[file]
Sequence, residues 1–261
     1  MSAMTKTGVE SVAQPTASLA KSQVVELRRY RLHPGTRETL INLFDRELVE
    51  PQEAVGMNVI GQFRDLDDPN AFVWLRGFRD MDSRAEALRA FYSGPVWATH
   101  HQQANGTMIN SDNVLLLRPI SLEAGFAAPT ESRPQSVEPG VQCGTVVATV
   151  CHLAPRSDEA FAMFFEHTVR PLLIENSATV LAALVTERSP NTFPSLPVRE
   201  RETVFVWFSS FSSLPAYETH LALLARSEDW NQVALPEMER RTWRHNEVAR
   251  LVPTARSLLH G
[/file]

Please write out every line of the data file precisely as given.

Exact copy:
Sequence, residues 1–261
     1  MSAMTKTGVE SVAQPTASLA KSQVVELRRY RLHPGTRETL INLFDRELVE
    51  PQEAVGMNVI GQFRDLDDPN AFVWLRGFRD MDSRAEALRA FYSGPVWATH
   101  HQQANGTMIN SDNVLLLRPI SLEAGFAAPT ESRPQSVEPG VQCGTVVATV
   151  CHLAPRSDEA FAMFFEHTVR PLLIENSATV LAALVTERSP NTFPSLPVRE
   201  RETVFVWFSS FSSLPAYETH LALLARSEDW NQVALPEMER RTWRHNEVAR
   251  LVPTARSLLH G